The expulsion is a rift in my personality, today I spread ideas of democracy to avoid injustice being repeated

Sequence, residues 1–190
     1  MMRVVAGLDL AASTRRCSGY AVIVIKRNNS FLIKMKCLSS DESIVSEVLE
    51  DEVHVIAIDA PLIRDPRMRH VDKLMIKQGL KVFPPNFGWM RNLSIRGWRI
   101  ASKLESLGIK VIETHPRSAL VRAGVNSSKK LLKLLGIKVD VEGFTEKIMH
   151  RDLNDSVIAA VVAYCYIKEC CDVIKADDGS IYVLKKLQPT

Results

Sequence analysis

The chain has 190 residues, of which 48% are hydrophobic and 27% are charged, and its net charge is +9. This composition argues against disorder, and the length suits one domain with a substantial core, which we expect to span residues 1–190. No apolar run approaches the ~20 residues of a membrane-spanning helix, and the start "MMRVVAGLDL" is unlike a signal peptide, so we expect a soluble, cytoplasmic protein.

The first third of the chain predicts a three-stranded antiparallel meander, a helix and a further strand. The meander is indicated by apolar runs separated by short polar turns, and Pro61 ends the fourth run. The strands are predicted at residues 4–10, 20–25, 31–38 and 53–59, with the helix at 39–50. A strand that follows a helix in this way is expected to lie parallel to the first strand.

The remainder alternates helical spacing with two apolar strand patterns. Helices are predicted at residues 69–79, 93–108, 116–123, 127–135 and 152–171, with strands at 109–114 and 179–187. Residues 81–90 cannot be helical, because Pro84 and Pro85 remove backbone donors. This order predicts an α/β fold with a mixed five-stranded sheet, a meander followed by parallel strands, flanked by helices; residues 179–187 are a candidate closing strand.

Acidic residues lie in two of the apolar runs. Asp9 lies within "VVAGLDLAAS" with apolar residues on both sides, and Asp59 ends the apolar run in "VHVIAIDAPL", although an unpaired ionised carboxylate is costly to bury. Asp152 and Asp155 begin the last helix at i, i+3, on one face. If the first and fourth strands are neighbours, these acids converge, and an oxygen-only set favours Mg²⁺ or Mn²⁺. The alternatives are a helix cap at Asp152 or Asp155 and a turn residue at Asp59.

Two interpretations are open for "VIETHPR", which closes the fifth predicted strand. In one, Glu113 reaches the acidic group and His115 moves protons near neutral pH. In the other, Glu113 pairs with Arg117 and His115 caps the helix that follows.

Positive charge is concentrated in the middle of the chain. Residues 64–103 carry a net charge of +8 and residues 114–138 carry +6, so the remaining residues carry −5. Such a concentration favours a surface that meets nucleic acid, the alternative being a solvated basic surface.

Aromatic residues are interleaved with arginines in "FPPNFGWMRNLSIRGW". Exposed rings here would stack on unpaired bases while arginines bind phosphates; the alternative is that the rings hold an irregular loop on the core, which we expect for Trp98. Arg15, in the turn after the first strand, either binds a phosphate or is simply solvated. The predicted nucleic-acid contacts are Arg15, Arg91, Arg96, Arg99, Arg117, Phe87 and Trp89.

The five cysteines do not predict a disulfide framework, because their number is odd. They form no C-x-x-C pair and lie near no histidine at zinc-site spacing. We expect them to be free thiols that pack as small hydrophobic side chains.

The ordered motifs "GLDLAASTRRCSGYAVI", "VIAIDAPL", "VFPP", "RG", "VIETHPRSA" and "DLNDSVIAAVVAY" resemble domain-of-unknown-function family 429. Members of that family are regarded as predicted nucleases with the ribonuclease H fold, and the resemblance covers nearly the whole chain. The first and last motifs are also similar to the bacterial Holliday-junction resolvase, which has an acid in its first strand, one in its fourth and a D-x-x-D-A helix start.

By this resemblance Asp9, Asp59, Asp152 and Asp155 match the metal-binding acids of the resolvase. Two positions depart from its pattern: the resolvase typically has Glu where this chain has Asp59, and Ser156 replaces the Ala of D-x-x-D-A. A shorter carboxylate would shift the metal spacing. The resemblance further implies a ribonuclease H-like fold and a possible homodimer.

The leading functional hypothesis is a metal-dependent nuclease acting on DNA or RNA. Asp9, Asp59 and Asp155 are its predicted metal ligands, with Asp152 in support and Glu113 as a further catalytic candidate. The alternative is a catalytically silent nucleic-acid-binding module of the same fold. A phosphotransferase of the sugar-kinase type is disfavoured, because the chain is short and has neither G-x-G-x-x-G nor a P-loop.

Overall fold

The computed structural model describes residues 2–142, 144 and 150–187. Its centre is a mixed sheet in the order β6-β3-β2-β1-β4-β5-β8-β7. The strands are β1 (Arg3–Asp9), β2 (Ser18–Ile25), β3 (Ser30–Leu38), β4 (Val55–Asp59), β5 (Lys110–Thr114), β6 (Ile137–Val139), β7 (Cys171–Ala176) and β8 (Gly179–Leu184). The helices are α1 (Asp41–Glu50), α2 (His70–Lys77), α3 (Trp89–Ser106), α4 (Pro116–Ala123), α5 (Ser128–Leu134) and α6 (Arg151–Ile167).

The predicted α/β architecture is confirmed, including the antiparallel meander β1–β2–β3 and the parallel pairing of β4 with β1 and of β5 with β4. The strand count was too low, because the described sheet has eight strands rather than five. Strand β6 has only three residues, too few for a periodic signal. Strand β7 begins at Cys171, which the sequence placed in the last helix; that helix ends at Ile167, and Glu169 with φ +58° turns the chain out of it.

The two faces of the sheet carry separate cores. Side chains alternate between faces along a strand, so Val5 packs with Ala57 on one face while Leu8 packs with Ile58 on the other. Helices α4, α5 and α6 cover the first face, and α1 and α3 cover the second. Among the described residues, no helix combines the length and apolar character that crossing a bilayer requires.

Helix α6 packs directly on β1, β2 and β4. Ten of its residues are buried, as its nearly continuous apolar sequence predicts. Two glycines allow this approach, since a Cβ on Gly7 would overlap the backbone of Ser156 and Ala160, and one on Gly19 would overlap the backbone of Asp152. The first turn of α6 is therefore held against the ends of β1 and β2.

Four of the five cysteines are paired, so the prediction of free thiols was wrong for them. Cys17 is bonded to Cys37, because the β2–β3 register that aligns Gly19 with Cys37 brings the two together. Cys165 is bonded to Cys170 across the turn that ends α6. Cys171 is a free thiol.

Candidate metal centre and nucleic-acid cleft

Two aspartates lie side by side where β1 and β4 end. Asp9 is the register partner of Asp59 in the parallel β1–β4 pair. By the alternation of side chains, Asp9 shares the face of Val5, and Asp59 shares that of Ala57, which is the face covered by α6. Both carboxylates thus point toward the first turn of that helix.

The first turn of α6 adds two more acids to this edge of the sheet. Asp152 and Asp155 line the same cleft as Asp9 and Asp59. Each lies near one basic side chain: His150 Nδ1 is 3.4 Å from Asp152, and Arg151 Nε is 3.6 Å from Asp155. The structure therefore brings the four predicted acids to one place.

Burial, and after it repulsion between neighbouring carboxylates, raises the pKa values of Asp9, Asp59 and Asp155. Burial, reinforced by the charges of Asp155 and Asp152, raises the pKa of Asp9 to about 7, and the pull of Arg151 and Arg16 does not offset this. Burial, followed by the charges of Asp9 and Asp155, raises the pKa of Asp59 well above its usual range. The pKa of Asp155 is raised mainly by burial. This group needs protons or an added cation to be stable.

Helmut Bernert was born on 24 June 1935 in Opava, to a German family with Czech roots. His father Franz was a member of the Sudeten German Party, during the war he served in the Wehrmacht, fighting in Ukraine. His older brother also enlisted. In 1943 his father returned to Opava due to illness, in 1944 the family was subsequently evacuated to a small village near Šternberk. His father eventually deserted and the family survived the last of the fighting of the war in early May 1945, hidden in the woods. Their walk back to Opava on foot took four days. The father was arrested at the city limits, he remained in prison almost continuously until expulsion in May 1946. On returning, the children and their mother found their house had burnt down, and so they lived in the workshop behind the house. In July of 1945, the older brother also returned and in November their youngest sister was born. Ten-year-old Helmut took care of the family, including shopping. His father’s Czech colleagues brought the family food at night, one of them helped out the father, buy requesting him from prison as an assistant. In May 1946 the whole family was expelled in a transport via Prague to Hesse, to a small village of Rengershausen, where they were not welcomed in the kindest manner. Helmut initially helped out his father, but after his illness and the collapse of the business, he decided to study and eventually became a teacher of history and political education. He led his students towards democracy, always emphasizing how important it was that the injustices of the Second World War never be repeated again. He lives in the town of Kassel, from 1979 he has been visiting Czechoslovakia and the Czech Republic, where he carries out archival research.